My wife pointed out that in last week's post I never really got around to recommending a particular microphone for the starter studio. Maybe indirectly I did, but I covered lot of ground on the entire studio last time, so this time let's just talk mics and get specific.
The Starter Mic: Less Than $200.
There are dozens of brands making - or rebranding - hundreds of models of microphones for vocal use. That's far too many to choose from. That's the bad news. The good news is that there are a lot of pros out there with years of experience to guide you, either in person or via the web. Now, some of these guys are blowhards with a severe case of Mic Envy, but even those guys wouldn't spend their hard-earned money on a tube condenser if it didn't make them sound good. So, don't just listen to my advice; check around and get as many points of view as you can. You can learn something from any one of us.
It's my opinion that anyone starting their own studio should buy a dynamic vocal mic like the Shure SM58. Alternatives include the CAD D189, the Audix OM3, or comparable mics offered by Audio Technica, AKG, ElectroVoice, and any brand that sells PROFESSIONAL GRADE mics. If you've been in broadcasting or advertising for a few years, you might qualifiy for skipping straight to the Less Than $1000 level. "I've been pounding out the spots on an RE20 for years, dude. I got skills." True, but I'd still suggest a handheld on a good quality boom stand for your studio even if you can afford the RE20. Here's why:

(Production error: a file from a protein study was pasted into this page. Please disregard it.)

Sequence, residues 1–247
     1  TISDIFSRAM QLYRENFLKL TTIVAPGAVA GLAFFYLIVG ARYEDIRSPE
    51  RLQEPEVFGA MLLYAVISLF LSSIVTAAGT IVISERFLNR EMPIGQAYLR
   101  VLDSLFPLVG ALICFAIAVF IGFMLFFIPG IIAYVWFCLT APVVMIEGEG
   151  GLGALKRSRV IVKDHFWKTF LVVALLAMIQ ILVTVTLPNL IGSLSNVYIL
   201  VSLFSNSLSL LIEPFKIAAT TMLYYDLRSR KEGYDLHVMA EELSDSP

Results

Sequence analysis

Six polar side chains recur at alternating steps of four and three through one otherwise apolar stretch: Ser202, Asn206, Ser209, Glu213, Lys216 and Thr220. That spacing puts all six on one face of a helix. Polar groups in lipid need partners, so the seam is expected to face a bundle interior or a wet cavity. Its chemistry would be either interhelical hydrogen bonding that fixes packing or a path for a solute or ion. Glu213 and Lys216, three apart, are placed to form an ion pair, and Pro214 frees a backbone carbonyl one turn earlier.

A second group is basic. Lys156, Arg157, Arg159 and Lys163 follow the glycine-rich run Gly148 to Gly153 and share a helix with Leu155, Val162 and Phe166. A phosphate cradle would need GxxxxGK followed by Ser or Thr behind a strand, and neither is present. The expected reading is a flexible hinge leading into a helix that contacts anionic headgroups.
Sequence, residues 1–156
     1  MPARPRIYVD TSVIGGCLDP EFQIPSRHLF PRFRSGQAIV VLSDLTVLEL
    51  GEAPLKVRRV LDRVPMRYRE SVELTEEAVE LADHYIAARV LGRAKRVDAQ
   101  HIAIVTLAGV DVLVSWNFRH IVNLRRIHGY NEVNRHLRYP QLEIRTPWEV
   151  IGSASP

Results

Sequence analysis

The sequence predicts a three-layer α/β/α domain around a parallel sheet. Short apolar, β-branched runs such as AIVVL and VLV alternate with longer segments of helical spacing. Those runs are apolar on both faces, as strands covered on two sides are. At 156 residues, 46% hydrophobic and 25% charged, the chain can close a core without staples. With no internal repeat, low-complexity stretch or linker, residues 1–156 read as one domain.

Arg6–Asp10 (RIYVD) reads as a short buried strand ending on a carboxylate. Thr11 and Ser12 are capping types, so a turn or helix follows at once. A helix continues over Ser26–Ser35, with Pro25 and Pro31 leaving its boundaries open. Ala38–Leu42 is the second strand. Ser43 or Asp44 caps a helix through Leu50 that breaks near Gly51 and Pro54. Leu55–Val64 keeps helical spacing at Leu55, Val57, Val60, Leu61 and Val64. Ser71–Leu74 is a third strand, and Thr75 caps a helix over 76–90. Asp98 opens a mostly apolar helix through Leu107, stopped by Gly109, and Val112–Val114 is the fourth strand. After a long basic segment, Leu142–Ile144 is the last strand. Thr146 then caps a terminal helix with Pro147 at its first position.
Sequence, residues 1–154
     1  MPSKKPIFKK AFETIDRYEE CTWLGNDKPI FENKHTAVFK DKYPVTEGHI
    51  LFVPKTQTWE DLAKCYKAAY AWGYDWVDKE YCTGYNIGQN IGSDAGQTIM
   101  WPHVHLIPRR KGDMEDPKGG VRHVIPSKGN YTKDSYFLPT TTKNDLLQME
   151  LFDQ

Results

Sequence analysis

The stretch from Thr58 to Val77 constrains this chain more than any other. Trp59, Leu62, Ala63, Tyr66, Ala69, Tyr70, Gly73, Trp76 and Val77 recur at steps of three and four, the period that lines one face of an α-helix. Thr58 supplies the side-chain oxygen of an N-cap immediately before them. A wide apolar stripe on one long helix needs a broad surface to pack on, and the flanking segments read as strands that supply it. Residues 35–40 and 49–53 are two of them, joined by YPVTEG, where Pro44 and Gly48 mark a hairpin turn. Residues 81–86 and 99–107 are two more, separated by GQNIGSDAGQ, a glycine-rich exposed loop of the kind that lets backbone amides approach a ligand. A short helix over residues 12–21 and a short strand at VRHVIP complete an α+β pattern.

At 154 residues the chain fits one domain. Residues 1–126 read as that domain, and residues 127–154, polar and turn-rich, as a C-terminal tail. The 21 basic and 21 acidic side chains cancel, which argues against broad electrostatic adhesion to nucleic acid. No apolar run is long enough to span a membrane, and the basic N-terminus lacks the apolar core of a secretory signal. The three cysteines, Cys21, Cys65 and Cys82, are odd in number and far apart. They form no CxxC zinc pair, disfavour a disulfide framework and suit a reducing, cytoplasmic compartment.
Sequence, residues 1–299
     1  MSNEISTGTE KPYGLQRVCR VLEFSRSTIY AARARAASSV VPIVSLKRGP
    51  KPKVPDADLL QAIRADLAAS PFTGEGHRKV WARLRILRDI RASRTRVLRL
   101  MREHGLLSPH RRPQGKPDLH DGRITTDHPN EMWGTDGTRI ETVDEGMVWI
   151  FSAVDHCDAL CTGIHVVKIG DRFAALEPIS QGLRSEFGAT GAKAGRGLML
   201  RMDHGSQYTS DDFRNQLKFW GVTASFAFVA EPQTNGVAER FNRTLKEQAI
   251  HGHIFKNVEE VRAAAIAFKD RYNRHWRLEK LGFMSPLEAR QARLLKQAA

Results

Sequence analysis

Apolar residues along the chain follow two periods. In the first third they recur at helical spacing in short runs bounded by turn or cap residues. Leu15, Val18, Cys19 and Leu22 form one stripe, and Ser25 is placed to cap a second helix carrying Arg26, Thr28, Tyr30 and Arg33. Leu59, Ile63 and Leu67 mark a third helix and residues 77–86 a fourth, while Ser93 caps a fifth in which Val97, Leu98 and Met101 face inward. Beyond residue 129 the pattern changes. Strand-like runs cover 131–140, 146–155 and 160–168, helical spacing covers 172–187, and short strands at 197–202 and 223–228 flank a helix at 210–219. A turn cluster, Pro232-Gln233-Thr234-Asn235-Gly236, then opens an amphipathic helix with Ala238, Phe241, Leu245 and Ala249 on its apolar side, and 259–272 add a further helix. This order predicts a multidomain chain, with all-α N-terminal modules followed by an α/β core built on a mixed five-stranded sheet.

The mics I mentioned are road-worthy hammers, built to take the punishment dished out by musicians on tour, in clubs, and even on The Tonight Show. Museum pieces like Paul McCartney, David Bowie, and Elton John have been signing into SM58's for decades. Lather on the duct tape and Roger Daltrey can play bolo with one all night. These mics can be dropped, stepped on, sneezed on, barfed on, held in a toilet, (Liar by Three Dog Night) run over by the tour bus, and still sound great. If they an take all that, I'm thinking your Golden Retreiver cheweing on it won't put you out of business. We're talking bulletproof mics, here.
Second, these mics are available in your hometown. Chances are, if you walk into your neighborhood music store and ask for a Shure SM58, the dude behind the counter will hand it right to you. Or, he'll point out one of the equivelents I mentioned with a sale price. (CAD's are the Hyundai's of microphones: cheap, but reliable.) If your 3 year-old knocks over the stand and the mic is, against all odds, actually knocked out out of commission, you can easily replace it, without going bankrupt or waiting a week for delivery.
Third, even if you hit the Powerball, or Uncle Willie dies and leaves you his vintage Neumann U47 with the correct tube, you'll still want that hundred dollar high ball. Because the world is filled with Golden Retreivers and 3 year-olds, you'll keep the Neumann in its box when danger lurks.
And fourth, the shallow pickup pattern of these mics will make up for your lousy studio acoustics. Sure, you could buy a nice Audio Technica studio condenser for under $200, and get nice recordings of your room ringing, your neighbor's lawn mower, an ant walking on a cotton ball, and anything else that wants to compete with your voice. It's uncanny how the fire department knows when you hit the record button and sends every piece of equipment they have down your street.
Next post: the upgrade mic.